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Strong together for our environment: Thales Germany employees donate 265 old cell phones to Berggorilla & Regenwald Direkthilfe e. V.

This brought together 265 private cell phones, which the teams from Health, Safety & Environment (HSE) and Communications Dr. Angela Meder for Berggorilla & Regenwald Direkthilfe e. V. could pass. The mining of raw materials required for cell phone production also takes place in the regions inhabited by mountain gorillas and thus directly threatens their habitat. The initiative has set itself the goal of conserving the gorillas and their habitat, which includes reforestation projects, support for research projects, local nature conservation organizations and their educational work, as well as the provision of equipment for rangers. The projects start exactly where the degradation of these resources pollutes or even destroys the environment.
Used mobile phones make an important contribution here, on the one hand, by reducing the further breakdown of raw materials and, on the other hand, the income from old devices - either through re-use or the proceeds from recycling valuable raw materials - flows directly into the projects.


In addition, there were a further 96 business cell phones which, for security reasons, do not have to be donated, but rather made unusable by a certified company. But these can now also be professionally recycled. With the total of 361 old devices, the following quantities of raw materials can now be returned to the circular economy and so on:

  • Copper: 6 kg
  • Cobalt: 1.2 kg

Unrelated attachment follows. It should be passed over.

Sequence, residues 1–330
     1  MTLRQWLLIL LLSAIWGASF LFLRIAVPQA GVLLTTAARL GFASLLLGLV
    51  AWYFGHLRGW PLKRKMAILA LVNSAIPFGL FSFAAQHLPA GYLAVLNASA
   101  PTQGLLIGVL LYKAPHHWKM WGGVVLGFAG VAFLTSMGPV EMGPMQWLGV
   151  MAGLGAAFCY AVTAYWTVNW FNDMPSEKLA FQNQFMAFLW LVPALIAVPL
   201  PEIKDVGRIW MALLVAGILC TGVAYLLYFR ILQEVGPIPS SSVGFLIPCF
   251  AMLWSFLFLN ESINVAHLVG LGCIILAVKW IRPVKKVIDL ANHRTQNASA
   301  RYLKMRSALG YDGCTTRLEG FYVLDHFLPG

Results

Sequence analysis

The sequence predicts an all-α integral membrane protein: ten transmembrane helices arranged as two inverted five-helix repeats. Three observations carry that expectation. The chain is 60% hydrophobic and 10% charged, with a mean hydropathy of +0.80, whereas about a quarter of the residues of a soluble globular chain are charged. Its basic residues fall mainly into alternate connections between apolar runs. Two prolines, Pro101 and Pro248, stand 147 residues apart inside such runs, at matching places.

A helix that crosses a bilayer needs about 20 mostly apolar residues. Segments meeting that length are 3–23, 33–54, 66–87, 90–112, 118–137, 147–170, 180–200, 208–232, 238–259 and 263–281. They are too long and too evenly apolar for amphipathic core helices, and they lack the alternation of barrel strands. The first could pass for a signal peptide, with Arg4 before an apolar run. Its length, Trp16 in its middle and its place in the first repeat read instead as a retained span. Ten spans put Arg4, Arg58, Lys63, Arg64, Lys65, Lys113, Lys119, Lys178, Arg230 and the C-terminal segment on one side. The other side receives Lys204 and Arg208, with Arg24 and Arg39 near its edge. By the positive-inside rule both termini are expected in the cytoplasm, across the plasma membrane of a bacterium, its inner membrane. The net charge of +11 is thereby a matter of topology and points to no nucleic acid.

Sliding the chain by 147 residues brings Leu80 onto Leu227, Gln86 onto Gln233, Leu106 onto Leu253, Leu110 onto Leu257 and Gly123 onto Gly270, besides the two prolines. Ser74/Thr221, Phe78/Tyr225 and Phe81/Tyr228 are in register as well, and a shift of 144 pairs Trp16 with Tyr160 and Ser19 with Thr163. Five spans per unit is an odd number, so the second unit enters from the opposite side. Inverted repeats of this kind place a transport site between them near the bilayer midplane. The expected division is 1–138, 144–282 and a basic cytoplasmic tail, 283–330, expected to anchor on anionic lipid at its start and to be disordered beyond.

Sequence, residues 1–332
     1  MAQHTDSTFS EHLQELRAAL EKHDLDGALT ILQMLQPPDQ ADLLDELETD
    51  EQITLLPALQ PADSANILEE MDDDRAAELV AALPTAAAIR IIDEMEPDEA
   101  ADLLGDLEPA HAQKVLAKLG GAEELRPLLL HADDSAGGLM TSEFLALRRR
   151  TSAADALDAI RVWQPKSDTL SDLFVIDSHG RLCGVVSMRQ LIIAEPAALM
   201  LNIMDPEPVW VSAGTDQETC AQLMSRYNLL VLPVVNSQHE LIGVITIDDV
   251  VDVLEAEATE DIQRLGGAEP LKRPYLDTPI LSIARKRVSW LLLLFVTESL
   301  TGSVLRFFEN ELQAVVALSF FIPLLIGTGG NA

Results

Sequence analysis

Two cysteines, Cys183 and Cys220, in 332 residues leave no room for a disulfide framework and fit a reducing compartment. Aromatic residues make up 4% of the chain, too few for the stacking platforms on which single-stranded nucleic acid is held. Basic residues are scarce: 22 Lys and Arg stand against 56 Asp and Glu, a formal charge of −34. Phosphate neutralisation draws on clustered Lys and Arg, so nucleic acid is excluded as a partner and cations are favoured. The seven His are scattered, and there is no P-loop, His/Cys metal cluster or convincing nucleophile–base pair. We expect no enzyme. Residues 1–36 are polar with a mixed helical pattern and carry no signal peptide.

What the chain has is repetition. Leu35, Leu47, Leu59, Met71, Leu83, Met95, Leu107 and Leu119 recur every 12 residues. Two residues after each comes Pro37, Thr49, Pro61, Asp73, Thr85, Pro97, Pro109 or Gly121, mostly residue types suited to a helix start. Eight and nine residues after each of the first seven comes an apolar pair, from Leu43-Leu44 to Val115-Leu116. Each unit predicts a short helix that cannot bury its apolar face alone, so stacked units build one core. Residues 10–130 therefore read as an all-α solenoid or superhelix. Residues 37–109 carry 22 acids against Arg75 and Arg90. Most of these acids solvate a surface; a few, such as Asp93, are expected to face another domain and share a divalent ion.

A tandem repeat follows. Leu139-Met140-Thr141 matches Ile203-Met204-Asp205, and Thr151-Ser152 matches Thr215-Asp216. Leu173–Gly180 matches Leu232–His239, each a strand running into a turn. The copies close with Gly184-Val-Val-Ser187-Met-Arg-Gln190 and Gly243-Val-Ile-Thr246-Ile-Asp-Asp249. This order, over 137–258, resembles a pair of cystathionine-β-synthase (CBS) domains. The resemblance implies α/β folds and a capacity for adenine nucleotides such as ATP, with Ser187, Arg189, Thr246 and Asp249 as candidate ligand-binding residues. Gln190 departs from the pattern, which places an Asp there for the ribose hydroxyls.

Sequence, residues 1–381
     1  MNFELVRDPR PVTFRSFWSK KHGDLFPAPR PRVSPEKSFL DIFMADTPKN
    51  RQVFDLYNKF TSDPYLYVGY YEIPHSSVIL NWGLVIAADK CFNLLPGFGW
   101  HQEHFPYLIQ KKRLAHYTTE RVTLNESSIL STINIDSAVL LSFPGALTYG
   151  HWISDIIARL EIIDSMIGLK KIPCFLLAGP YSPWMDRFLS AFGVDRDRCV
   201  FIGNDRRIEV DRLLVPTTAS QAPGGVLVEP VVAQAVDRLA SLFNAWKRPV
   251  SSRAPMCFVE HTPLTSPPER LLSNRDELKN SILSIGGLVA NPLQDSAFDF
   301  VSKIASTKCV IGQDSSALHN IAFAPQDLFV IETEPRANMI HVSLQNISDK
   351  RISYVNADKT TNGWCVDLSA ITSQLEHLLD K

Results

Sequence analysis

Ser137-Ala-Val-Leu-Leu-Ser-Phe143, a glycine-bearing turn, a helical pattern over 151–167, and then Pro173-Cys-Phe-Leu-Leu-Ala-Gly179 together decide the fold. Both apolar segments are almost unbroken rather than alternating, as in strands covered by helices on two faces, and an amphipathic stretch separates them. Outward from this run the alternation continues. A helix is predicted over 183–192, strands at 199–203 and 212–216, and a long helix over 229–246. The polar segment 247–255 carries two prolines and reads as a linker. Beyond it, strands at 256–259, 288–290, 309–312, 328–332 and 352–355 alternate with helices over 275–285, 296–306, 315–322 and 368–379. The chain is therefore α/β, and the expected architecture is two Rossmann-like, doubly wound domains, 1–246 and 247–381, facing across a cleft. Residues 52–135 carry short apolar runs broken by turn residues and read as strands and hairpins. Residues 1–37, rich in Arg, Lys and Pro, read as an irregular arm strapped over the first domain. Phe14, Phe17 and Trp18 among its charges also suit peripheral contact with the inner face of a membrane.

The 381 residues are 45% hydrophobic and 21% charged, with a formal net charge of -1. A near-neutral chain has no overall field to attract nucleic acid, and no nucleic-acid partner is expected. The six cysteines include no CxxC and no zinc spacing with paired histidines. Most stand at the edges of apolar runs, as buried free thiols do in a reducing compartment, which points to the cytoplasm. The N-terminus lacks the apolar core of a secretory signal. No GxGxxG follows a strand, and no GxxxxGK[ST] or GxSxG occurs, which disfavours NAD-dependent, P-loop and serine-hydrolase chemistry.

• Aluminum: 1.2 kg
  • Nickel: 0.8 kg
  • Tin: 0.41 kg

other metals & rare earths: 0.4 kg of which for example 0.07 kg silver and 0.01 kg gold.

Recycling as an active contribution to environmental protection
Did you know that many times as much ore has to be mined for the primary production of these raw materials? For example, the proportion of gold in an average smartphone is only 0.024%. For this, however, between 16 and 900 kg of ore must be mined - depending on the gold content of the ore.

By recycling these metals and rare earths such as yttrium, large amounts of energy and the associated CO2 can be saved. Recycling copper only accounts for around 20% of the energy required for primary production of this raw material. In addition, considerable amounts of water and chemicals are saved, which means that the overall environmental impact can be significantly reduced. This is fully in line with the Low Carbon Strategy to which Thales is committed.

Professional recycling also offers the following advantages:

  • Reduction of the export of electronic waste to emerging and developing countries and the associated damage to the health of the local population and the local environment
  • Obtaining recyclable raw materials
  • Reduction of environmental pollution in emerging and developing countries that arise from the mining of precious metals on site
  • Avoiding the use of "conflict minerals" such as cassiterite, columbite-tantalite, wolframite or even gold through their recycling. (Cell phones contain many so-called conflict minerals, which are mined in politically troubled regions and whose profits flow, for example, into financing weapons.)
  • Reduction of pollution through incorrect disposal.
  • Overall, our campaign for the European Sustainability Week was a great success and we will consistently pursue this approach.

We would like to thank all of our colleagues who have supported this important topic and our joint campaign!